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Gold Catalyst: China Aiming For 'de-Americanised World' With Renminbi Replacing Dollar GLD, MUX, TNR.v, GDX


The Telegraph reports about the implementation of the China's long-term plan to diversify out of US Dollar denominated assets. UK trade delegation was recently visiting China and making a lot of deals with the message that "we would like to be the part of The Growing China Story".

It is interesting that Alasdair Macleod is quoted by the mainstream UK paper now. The mega trend and major geopolitical shift is making it to the surface now, US Dollar is losing its status of Reserve Currency Of Choice. With this perspective in mind China's appetite for Gold, Copper, Lithium and other commodities is making a lot of sense.

Max Keiser: Alasdair Macleod Investigates The $640 Million Sell Order Of Gold. GLD, MUX, TNR.v, GDX

"We continue to follow The Crime Of The Century - Gold market manipulations. Today we have Max Keiser who investigates with Alasdair Macleod the 640 million Sell order of Gold which disrupted the trading session on Friday 11th and was supposed to Kill the rest of the confidence in Gold safe heaven status. Chinese are not buying into it any more and moving fast now with their state level long term plan of diversification its Reserves out of US Dollar denominated assets."


Eric Sprott: "Gold And China To Dominate The World." GLD, MUX, TNR.v, GDX

"Eric Sprott is very bold with his call for Gold at $2400 next year. He stands his ground and continues to talk about overwhelming demand for physical Gold from China. According to Eric, investing in the right Gold and Silver equities provides the opportunity of a life time for wealth creation now.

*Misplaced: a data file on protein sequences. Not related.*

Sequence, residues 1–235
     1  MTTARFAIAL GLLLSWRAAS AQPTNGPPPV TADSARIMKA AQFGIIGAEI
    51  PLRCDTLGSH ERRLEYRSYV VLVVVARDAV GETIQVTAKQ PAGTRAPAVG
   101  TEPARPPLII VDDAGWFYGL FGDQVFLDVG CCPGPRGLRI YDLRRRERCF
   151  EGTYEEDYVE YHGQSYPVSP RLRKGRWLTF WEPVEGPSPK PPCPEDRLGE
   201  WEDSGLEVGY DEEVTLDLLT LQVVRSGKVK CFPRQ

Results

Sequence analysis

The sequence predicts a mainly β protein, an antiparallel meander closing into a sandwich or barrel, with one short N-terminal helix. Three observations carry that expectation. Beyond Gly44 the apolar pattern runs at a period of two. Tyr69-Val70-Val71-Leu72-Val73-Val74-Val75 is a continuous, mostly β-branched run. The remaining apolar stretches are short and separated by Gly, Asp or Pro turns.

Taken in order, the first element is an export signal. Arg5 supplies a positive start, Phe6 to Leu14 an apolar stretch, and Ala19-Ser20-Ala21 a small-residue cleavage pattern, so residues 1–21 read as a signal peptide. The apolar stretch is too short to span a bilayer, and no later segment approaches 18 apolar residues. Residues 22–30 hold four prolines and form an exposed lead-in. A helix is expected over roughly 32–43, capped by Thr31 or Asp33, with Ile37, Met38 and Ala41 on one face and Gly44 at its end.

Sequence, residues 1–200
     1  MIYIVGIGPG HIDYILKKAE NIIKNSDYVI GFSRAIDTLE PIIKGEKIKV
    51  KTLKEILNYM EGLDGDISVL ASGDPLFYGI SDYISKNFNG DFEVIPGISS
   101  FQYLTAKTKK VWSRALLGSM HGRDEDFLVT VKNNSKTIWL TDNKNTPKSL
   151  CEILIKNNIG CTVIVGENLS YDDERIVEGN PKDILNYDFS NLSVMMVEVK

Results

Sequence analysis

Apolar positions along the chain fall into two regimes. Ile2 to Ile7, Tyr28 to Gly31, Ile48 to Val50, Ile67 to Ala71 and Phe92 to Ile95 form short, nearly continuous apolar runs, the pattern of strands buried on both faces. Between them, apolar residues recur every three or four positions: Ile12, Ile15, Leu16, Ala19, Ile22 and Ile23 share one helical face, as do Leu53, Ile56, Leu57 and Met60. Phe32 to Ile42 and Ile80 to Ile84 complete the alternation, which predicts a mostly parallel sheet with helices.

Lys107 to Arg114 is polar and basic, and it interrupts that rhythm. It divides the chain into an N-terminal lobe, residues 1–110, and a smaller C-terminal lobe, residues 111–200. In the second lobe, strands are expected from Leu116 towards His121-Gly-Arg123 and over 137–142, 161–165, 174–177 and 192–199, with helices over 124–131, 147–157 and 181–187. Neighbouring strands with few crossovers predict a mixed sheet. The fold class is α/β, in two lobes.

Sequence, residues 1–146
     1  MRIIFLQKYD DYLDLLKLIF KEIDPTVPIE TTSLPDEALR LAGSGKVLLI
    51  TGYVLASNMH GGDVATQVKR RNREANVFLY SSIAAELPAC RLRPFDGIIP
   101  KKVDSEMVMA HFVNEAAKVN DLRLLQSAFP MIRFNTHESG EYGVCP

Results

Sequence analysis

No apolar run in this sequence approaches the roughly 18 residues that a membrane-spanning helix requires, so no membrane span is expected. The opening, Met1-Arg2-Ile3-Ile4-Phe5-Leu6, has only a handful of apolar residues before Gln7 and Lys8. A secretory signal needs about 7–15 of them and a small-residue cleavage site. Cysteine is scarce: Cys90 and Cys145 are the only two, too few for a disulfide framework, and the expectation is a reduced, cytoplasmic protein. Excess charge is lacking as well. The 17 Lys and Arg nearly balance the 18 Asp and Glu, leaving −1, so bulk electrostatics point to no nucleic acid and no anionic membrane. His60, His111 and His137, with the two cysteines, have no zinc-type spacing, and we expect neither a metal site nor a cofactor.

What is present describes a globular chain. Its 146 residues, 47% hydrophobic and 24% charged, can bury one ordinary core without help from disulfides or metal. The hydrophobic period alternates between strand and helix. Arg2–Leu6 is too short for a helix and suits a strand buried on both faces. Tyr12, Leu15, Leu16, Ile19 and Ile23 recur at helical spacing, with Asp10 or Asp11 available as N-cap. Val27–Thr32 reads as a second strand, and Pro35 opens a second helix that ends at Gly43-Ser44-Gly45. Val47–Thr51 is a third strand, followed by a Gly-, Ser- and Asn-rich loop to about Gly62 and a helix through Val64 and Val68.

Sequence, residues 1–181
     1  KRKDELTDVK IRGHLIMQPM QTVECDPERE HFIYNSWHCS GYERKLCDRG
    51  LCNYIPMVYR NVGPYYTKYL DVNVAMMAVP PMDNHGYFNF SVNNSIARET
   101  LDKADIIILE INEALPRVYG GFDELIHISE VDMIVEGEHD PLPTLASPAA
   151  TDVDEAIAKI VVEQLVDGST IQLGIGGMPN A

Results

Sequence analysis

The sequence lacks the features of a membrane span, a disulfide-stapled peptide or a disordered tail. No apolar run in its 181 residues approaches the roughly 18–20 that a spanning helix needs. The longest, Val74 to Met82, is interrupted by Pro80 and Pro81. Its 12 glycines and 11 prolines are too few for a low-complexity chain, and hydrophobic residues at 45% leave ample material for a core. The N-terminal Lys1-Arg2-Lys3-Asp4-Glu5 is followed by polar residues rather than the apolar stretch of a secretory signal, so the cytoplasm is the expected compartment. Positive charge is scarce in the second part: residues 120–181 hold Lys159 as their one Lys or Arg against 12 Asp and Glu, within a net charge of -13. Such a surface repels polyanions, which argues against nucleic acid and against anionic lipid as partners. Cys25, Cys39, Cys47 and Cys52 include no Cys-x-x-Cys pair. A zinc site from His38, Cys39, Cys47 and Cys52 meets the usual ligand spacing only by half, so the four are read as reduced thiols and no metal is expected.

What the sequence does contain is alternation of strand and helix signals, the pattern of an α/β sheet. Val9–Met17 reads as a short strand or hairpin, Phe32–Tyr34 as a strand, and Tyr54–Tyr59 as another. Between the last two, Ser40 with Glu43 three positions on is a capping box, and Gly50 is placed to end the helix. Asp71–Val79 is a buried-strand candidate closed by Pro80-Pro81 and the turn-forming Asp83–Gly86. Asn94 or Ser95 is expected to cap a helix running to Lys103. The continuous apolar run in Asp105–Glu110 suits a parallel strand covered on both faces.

Now after the Debt Ceiling can is kicked down the road for a few weeks without resolving anything, investors will be back to the analysis of the real economic situation. We can forget about Taper until the next year at least with the looming circus entertainment Debt Ceiling Increase 2.0. Default is avoided, but the damage is done. We are very positively surprised by the amount of US Dollar negative articles in the mass media these days. The story about the End of the Reserve Currency of Choice - US Dollar is making its way to the surface now.

Last week US Dollar has printed the closing below the all important 0.80 level and is now below the 200MA. Gold on its part is in the break out mode, finally and has painted the set of very interesting charts."


McEwen Mining & TNR Gold: Las Bambas Copper Bidding From China Heats Up TNR.v, MUX, LCC.v, GDX, CU
"It is a good choice to invest in mining assets, which is a much better choice than investing in one government's bonds - especially when this country cannot guarantee to pay even its own employees"

Gu Liangmin, head of copper at Minmetals.

The Telegraph:

China aiming for 'de-Americanised world' with renminbi replacing dollar



China has overtaken the US as the world's largest oil importer and goods trading nation.

By Andrew Critchlow

China has overtaken the US as the world's largest oil importer and goods trading nation. Over the next five years, it will surpass the rest of the world combined in its consumption of base metals.

Given the scale of the country's consumption of fossil fuels and raw materials, it is only a matter of time before the renminbi replaces the dollar as the primary currency for trading commodities and resources such as crude oil and iron ore.

The debt ceiling farce in Washington and China's growing reluctance to continue underwriting the US economy by buying up its bonds and adding to America's near $17 trillion (£10.5 trillion) debt mountain suggests that this tectonic shift in the global trade system could be just around the corner.

Chinese state media are already calling for a "de-Americanised world". Some experts say that China is plotting to usurp the greenback's place in global commodities trade. Beijing's strategy hinges on quietly encouraging traders to bypass New York through the creation of a network of interlinked commodity markets based in the global financial hubs of Hong Kong and London.

"There can be little doubt from these actions that China is preparing herself for the demise of the dollar, at least as the world's reserve currency," writes Alastair Macleod, head of research at GoldMoney. A further signal that policymakers are beginning to warm to the renminbi playing a greater role in the global economy came last week when Chancellor George Osborne unveiled a historic deal to allow British investors direct access to China's markets and allow Chinese banks to expand operations in the UK.